That' what analyst Shaw Wu thinks so it must be true.

 

/s

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post #19 of 37
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Originally Posted by Gatorguy View Post

Yes, Google's Android automatically backs up your contacts.

Of course. How is Google going to steal your private information if they don't download it to their servers?
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post #20 of 37
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Originally Posted by majjo View Post

I don't think Google syncs photos or SMS (unless you use Google voice).

True... I was speaking more about contacts.

Like I said... people used to "lose" their phone numbers all the time.

That doesn't seem to happen much anymore.

As for photos... if the only copy of those photos exist on the phone... that's their problem 1smile.gif
post #21 of 37
Quote:
Originally Posted by Suddenly Newton View Post

Nonsense. You would've switched anyway. Anyone who seriously wants to keep their 30-pin dock connector accessories can do so with the lightning-to-dock-connector adapter. I've got one; it works great with my sound dock.

Good point. I had heard that the adapter doesn't work for analog docks, which I thought was the case with the Bose Sound Dock. I was quite perturbed about that, but I'm glad I was mistaken.

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post #22 of 37
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Originally Posted by auxio View Post

Just as they did with people who had invested hundreds of dollars in floppy discs back in 1998, and now CDs/DVDs.  And what about people who invested in serial or parallel port devices on PCs?  ADB, PS/2, SCSI, Firewire, ... the list goes on and on.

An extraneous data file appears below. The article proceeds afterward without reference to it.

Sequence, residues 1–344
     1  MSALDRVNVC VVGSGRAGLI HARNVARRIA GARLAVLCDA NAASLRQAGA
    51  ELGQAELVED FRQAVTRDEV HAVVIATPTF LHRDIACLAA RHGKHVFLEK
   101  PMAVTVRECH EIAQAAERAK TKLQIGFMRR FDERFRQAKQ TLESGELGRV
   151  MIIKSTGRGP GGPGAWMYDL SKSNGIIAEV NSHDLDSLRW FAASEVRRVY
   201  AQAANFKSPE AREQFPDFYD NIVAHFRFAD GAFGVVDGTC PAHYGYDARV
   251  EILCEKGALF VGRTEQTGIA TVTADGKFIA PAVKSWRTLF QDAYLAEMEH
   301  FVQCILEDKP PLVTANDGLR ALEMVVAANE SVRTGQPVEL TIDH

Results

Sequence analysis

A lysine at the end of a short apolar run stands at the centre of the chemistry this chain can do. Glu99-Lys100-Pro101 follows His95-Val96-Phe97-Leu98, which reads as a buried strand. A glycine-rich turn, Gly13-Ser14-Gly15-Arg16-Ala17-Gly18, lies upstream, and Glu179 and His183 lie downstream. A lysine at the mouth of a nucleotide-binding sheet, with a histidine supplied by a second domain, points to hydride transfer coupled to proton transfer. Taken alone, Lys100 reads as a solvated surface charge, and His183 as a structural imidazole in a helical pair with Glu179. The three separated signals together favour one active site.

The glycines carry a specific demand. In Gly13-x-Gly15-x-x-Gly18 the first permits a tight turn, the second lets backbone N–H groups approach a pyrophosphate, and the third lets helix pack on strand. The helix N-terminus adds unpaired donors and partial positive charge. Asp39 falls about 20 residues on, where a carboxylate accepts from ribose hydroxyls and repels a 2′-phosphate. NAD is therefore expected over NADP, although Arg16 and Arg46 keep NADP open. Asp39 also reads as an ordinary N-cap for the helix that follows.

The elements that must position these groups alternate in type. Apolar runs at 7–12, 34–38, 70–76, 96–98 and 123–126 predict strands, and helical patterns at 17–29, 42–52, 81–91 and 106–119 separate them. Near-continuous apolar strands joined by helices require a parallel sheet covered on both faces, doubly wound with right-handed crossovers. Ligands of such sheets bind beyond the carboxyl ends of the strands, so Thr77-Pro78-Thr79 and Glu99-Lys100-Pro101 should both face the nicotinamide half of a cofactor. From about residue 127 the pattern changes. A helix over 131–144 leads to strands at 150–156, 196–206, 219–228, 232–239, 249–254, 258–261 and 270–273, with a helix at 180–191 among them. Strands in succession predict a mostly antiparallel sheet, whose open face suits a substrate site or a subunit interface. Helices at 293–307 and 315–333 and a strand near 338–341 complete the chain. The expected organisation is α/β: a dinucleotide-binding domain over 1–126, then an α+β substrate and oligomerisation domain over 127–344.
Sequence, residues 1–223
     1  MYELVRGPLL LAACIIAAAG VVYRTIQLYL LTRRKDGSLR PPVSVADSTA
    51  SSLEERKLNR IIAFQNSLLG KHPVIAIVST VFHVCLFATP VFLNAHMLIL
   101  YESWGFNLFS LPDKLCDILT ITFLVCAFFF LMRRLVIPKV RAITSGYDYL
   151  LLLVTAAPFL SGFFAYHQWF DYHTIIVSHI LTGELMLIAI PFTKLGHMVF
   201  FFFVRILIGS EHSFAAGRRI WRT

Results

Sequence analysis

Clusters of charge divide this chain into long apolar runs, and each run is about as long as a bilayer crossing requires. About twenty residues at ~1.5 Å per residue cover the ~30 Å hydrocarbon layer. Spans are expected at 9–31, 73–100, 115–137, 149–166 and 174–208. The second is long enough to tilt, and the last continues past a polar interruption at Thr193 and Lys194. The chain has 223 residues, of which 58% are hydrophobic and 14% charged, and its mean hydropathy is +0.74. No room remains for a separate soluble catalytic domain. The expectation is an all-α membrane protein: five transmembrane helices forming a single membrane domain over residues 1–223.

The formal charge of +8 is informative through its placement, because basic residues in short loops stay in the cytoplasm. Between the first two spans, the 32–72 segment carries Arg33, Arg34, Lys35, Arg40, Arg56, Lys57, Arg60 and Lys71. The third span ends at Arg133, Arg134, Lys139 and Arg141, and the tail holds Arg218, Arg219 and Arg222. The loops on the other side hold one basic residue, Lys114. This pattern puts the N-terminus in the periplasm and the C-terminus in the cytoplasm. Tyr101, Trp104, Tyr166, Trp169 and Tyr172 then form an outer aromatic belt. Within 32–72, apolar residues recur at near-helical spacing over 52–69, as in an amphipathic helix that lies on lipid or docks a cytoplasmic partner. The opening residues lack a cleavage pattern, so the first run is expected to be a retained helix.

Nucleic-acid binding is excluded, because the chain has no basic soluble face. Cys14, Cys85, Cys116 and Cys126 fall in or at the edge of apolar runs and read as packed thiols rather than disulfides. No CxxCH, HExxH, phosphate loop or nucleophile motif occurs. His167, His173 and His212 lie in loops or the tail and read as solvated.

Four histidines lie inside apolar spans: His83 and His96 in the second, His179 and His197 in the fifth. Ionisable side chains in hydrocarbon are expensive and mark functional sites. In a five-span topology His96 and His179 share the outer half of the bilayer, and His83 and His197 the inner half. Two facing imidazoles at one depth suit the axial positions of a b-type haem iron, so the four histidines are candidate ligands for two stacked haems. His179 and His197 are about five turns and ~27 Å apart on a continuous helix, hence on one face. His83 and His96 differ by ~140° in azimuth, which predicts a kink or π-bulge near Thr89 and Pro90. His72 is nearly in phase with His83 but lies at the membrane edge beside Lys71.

Ooh, i really feel the burn on that one! Doesn't make it any less true that the obstacle to switching named by the article is the same whether going to an iPhone 5 or this phone. Although I did forget about the adapters, I could employ a 1/4" jack for audio just as easily as a lightning to 30 pin cable.

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post #23 of 37
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Originally Posted by Suddenly Newton View Post

Nonsense. You would've switched anyway. Anyone who seriously wants to keep their 30-pin dock connector accessories can do so with the lightning-to-dock-connector adapter. I've got one; it works great with my sound dock.

The whole accessories argument is mostly silly.

I have 2x Apple dock for iPhone 3Gs, and Logitech speakers system. Logitech system had interchangeable plastic "cradles" for different iOS devices, but since 3Gs was current phone at the time, id didn't come with cradle shaped for more edgy 4 or 4s, nor have I noticed that they were offered later on. iPhone docks were also moulded for 3Gs shape, so no 4, 4s or 5, regardless of connector.

Some - a lot, maybe - accessories have backward compatibility, but how many are actually future-proof, considering that Apple changes device shape every generation or two, same connector or not?
post #24 of 37
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Originally Posted by jragosta View Post

Of course. How is Google going to steal your private information if they don't download it to their servers?

Oh, le poison! 1wink.gif

But you might be right there, and I am also reluctant to give Google any important info of mine. I mean, they do live of advertising.
post #25 of 37
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Originally Posted by nikon133 View Post

But you might be right there, and I am also reluctant to give Google any important info of mine. I mean, they do live off advertising.

 

Sure, but so what.  Likewise, Apple has most people's credit card and address info, and personal tastes derived from app and media purchases.

 

Just like Apple with its iAds, Google makes money off advertising... by keeping our info out of the hands of the advertisers who are paying for anonymous targeted slots.  

 

If the advertisers had the info, they wouldn't need to pay Apple or Google for ad placement.